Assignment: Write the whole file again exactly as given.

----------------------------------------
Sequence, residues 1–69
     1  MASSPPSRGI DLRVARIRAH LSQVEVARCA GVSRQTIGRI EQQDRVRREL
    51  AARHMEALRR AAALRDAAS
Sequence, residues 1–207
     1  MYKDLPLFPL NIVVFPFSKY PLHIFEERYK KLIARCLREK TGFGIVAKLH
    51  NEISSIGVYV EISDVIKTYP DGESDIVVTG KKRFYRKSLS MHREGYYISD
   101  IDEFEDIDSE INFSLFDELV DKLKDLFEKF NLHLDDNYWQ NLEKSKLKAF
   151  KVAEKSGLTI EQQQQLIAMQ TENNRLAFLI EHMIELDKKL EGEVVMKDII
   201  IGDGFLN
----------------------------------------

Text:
Sequence, residues 1–69
     1  MASSPPSRGI DLRVARIRAH LSQVEVARCA GVSRQTIGRI EQQDRVRREL
    51  AARHMEALRR AAALRDAAS
Sequence, residues 1–207
     1  MYKDLPLFPL NIVVFPFSKY PLHIFEERYK KLIARCLREK TGFGIVAKLH
    51  NEISSIGVYV EISDVIKTYP DGESDIVVTG KKRFYRKSLS MHREGYYISD
   101  IDEFEDIDSE INFSLFDELV DKLKDLFEKF NLHLDDNYWQ NLEKSKLKAF
   151  KVAEKSGLTI EQQQQLIAMQ TENNRLAFLI EHMIELDKKL EGEVVMKDII
   201  IGDGFLN